Endangered green sea turtles, once on the brink of disappearing, love Florida beaches, and for a second time in the past three years they are setting records.
University of Central Florida researchers counted 12,026 green turtle nests in the Archie Carr National Wildlife Refuge along Brevard County’s coastline this week, shattering a record the turtles set in 2013 with 11,839 nests. It is the first time green turtle nests have surpassed 12,000. And the nesting season still has two months to go.
For video of baby green turtles heading toward the ocean from Archie Carr click here.
“This is really a comeback story,” said Kate Mansfield, a UCF assistant professor of biology and lead of the Marine Turtle Research Group, a team of students and research scientists who monitor turtle counts on the beach during turtle nesting season — May 1 to Oct. 1 each year.
“Back in the 1980s the beaches UCF monitored hosted less than 50 green turtle nests a year,” she said. “It is a really remarkable recovery and reflects a ‘perfect storm’ of conservation successes—from the establishment of the Archie Carr, to implementing the Endangered Species Act, among many other conservation initiatives. It will be very exciting to see what happens over the next 20 plus years.”
The green turtles are just one of three species that use the refuge as their nesting grounds. The endangered leatherbacks and threatened loggerheads also love Florida’s beaches. The Sunshine State supports approximately 80 percent of all sea turtle nesting in the United States and the Archie Carr National Wildlife Refuge is home to one of the largest nesting beaches for loggerhead turtles in the Western Hemisphere.
“I strongly hope this milestone is only a hint of what the future holds for Archie Carr National Wildlife Refuge and that UCF’s work leads to the steady recovery for the sea turtle species that begin their lives here,” said Anibal Vazquez, the refuge assistant manager.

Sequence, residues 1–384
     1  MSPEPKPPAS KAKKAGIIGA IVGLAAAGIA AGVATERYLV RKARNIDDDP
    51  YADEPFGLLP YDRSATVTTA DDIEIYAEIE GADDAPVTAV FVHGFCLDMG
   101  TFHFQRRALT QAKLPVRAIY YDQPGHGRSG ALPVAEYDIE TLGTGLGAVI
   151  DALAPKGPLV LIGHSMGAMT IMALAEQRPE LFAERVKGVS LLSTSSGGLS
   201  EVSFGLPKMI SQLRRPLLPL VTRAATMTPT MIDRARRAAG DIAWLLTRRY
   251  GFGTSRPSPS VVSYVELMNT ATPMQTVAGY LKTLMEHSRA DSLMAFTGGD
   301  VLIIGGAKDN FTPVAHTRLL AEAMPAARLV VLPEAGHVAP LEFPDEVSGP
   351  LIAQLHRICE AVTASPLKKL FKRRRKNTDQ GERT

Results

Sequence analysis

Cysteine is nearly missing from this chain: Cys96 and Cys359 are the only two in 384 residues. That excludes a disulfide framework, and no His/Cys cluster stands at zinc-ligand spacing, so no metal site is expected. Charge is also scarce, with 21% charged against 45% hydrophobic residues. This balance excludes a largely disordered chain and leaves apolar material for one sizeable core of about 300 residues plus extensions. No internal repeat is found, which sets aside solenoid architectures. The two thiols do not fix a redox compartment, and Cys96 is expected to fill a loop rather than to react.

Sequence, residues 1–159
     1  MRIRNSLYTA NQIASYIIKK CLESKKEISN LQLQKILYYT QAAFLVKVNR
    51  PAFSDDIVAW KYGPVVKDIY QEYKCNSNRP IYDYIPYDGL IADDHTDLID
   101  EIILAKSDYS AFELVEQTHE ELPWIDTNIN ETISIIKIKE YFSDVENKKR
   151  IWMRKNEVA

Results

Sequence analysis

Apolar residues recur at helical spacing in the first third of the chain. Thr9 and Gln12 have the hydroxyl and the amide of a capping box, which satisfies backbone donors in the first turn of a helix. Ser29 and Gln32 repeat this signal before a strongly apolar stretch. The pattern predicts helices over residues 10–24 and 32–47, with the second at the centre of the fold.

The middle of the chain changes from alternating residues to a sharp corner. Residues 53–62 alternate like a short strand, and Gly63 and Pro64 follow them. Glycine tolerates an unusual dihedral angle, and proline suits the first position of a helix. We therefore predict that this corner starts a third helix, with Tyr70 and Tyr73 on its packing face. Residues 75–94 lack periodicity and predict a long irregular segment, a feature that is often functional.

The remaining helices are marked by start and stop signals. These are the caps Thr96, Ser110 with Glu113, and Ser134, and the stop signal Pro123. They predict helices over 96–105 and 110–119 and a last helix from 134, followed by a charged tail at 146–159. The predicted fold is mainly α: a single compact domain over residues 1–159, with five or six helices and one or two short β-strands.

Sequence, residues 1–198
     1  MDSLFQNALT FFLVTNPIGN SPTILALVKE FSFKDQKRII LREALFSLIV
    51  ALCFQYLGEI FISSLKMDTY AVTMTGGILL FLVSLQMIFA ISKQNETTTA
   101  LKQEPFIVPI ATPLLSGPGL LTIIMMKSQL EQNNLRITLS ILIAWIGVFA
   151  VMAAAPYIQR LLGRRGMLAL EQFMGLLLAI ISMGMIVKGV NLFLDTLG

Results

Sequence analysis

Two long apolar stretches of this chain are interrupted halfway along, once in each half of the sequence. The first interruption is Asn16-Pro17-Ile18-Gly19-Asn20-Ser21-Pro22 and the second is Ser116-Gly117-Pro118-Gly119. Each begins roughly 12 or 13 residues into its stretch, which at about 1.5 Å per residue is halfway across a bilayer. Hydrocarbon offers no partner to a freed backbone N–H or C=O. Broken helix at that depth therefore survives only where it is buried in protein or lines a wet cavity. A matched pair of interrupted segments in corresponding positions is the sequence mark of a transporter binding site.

The Marine Turtle Research Group at UCF has been monitoring all turtle nests on the 13-mile stretch of beach for more than 30 years. Retired professor Llew Ehrhart founded the program in the 1970s and his early work helped Archie Carr earn national refuge status in 1991.
The research group does much more when it comes to sea turtle research on the coast. It monitors up to 25 miles along the Central Florida coast from just north of Sebastian Inlet near Melbourne Beach to Patrick Air Force Base, including the Archie Carr refuge. The group maintains more than 35 years of data for sea turtle nesting and reproductive assessments for this stretch of coastline. For more than 30 years, the team has also conducted in-water surveys of juvenile sea turtles that are found foraging in the Indian River Lagoon, an important developmental habitat for loggerhead and green turtles. The team conducts work in the northern Gulf of Mexico in order to satellite-track very small, oceanic stage sea turtles captured in the region and associated with the BP oil spill. This is an on-going project that provides the world’s first data on wild-caught oceanic (“lost years”) juvenile turtles. With Mansfield’s novel research satellite tracking the sea turtle “lost years,” the research group is evolving into a center for whole life-history sea turtle research—from eggs to adulthood.